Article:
On a scale of 1-10, says Anupama Jha, executive director, TI-India (TII), it was 2.9 in 2005, 3.3 in 2006 and 3.5 in 2007, (where 9.9 is for very clean (governments) showing slight improvement.

 

The signs of change are slowly seeping in. One of the tools to fight corruption, Development Integrity Pact, will be rolled out from Raipur, Chhattisgarh, next month and is a first of its kind. Citizens are counselled on ways to force government departments and politicians to deliver on their promises. TII says the weapon used could be questioning through dharnas or through the media, "so that the guilty party (who could be an MLA too) is shamed into keeping his promise, be it building a road or making a school."

 

TII refused to divulge details of the report before its release on Tuesday. But it says the police, judiciary and politicians continue to be very corrupt in India and other countries. Jha says, "There are laws to fight it, but they're ineffective. Political will is often lacking in cleaning up the stables."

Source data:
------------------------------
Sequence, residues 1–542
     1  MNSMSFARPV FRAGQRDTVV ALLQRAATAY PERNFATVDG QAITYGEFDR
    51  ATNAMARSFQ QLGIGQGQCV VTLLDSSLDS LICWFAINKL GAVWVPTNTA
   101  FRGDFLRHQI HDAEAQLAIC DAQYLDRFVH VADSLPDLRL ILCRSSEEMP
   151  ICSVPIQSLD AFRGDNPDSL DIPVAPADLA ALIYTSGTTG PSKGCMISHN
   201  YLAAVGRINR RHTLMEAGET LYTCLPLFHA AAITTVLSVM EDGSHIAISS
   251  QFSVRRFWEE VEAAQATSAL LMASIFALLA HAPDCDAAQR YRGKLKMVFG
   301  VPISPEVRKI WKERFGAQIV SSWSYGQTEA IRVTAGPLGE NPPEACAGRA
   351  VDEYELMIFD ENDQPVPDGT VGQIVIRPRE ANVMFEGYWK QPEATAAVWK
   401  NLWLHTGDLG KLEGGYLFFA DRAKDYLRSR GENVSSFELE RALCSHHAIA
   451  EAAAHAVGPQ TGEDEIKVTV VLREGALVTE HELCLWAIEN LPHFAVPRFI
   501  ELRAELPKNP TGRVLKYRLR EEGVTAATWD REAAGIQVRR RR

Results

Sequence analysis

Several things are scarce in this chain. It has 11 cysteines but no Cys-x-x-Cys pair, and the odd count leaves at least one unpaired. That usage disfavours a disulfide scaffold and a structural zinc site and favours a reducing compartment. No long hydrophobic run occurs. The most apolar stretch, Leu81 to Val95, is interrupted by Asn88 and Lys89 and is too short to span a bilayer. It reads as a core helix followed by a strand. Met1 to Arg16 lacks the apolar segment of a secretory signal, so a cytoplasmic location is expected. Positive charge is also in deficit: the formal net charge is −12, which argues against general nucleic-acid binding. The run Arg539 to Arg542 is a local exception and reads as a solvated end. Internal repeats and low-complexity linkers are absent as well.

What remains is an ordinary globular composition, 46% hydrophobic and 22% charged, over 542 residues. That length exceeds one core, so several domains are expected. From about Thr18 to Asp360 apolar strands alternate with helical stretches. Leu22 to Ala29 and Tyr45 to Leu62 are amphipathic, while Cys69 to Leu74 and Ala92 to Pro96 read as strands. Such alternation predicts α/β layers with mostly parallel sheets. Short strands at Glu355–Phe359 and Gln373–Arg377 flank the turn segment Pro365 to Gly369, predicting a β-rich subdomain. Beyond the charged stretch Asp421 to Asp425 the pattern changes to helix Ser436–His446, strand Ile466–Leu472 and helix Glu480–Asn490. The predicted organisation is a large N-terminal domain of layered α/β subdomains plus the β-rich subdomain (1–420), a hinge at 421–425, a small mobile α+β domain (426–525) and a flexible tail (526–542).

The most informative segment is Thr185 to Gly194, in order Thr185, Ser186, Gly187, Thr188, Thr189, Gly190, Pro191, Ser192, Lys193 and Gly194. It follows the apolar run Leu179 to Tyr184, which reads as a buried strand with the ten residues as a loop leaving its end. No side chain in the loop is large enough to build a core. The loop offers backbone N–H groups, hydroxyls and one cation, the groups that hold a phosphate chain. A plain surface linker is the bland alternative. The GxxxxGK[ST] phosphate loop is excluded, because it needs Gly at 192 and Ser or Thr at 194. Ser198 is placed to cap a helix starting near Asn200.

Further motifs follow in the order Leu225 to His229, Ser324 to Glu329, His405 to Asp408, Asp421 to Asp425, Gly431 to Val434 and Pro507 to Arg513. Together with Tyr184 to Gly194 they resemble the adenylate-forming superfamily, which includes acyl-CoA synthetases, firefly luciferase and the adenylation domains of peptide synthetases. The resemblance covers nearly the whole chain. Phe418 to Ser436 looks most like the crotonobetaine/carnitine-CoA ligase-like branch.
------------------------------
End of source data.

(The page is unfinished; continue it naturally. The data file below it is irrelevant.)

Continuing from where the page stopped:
Even so, TII suggests India can do a great deal to fight the systemic rot.

Here are other tools for battle:

 

Social audit: TII says a good example of knowing one's rights as a citizen is Indian Railways e-ticketing, which have put touts out of business. TII has already held workshops to teach ways to conduct a social audit and plans to partner with local NGOs in different states.

 

Right to Information Act: This has already thrown up several success stories.